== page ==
Monday, April 4, 2011

My Personal Voter's Guide.

As I mentioned in an earlier post [There's One in Every Crowd] my wife and I are part of a small group that comes together on the first Saturday of each month to pray the rosary. After the rosary, we'll (over) eat and eventually, the women will gather in one part of the house - the men in another.

This past Saturday, the group came to our home. The women took over the kitchen with the men in the spare bedroom/family room/computer room. As is often the case, our conversation turned to politics. Because we've been brought together due to our wives having come to this country from Philippines and not from a common outlook on life, it shouldn't come as a surprise that the husbands don't always agree on politics. As luck would have it, this particular Saturday, I found myself out-numbered....the only political Conservative in the group.

It was a lively discussion, with constant interruptions from both sides. With these types of debates, it's practically impossible to get one's point across completely. That's where this blog post comes in. In this post, I hope I can explain how I go about picking the political candidates I do when it comes time to cast my vote.

I take my religious faith seriously. The teachings of the Catholic church are the primary influences in my decision making. I'm not going to try and convince anyone who isn't already Catholic that he or she should convert. That's a conversation for another time. The point is, the closer a candidate, or political party, is to authentic Catholic teaching, then the more likely that person or party will get my support.

As Bishop Charles Chaput points out in his book Render Unto Caesar , neither of the two major American political parties completely aligns with Catholic teachings. Often times, I've had to hold my nose while voting for the lesser of two evils.

My problems with the Republicans, basically, center around the issues of war and security. Although I realize that radical Islam is the greatest problem facing the world today, I have a difficult time supporting the empire building put forth by many Republicans. Pope John Paul II and Pope Benedict XVI have argued that the wars in Iraq and Afghanistan are not acceptable under Catholic understanding of the Just War Doctrine.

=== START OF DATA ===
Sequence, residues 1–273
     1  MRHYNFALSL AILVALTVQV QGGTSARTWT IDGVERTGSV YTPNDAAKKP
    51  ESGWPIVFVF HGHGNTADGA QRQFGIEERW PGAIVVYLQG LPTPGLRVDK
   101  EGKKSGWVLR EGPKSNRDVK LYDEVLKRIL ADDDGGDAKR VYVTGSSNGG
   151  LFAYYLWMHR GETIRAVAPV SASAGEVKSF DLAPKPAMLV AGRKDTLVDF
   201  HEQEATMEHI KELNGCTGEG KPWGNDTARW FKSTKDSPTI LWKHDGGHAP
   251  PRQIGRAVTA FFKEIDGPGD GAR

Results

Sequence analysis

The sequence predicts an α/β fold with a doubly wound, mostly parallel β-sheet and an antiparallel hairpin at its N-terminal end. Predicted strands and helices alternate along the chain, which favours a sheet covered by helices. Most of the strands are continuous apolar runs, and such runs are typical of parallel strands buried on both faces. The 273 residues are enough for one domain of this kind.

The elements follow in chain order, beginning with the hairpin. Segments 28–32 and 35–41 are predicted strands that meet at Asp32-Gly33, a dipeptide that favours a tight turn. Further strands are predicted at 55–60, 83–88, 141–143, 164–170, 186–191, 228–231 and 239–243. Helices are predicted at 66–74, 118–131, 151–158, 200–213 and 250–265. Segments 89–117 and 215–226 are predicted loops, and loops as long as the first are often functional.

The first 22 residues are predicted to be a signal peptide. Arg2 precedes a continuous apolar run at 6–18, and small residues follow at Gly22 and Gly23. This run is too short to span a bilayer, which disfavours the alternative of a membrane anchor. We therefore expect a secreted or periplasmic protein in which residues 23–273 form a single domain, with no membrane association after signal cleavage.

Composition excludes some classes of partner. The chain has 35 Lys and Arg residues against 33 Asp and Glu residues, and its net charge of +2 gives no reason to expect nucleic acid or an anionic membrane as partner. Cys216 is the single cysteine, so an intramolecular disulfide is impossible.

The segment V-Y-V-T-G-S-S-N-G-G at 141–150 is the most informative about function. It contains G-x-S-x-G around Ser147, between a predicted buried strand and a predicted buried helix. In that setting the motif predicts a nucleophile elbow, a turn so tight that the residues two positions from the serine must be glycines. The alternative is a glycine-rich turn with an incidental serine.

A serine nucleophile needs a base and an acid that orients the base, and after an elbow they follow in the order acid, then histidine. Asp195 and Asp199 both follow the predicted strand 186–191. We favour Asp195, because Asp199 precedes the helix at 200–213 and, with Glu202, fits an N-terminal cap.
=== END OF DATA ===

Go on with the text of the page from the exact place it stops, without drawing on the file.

Likewise, far too many Republicans excuse the use of torture ( water-boarding) on enemy combatants and/or terrorists. The same goes for the overwhelming support of capital punishment by Republican "pro-lifers".

Unfortunately, the Democratic Party is far and away worse, vis-à-vis Catholic teachings, than the Republicans.

It should go without saying that the Democratic Party's support of abortion, embryonic stem cell research and the Party's love affair with Planned Parenthood, disqualify the Democratic Party from any consideration what-so-ever. Sadly, when other areas of Catholic teaching are considered, the Democrats sink even lower. The Church has spoken out against Socialism since , at least, the days of Pope Leo XIII and Rerum Novarum . Democrats often accuse Republicans of greed, but they should remember that envy is a sin as well.

If these issues aren't enough to turn one away from supporting the Party, the Democratic Party's passion for centralization and bureaucracy characteristic of the Welfare State seriously conflict with the Church's teaching on the principle of subsidiarity.

I could go even further.... I could discuss the history of the Democratic Party concerning it's treatment of Native Americans, the sins of slavery and racial segregation. I believe I've more than proven my point concerning the evils of the Democratic Party.

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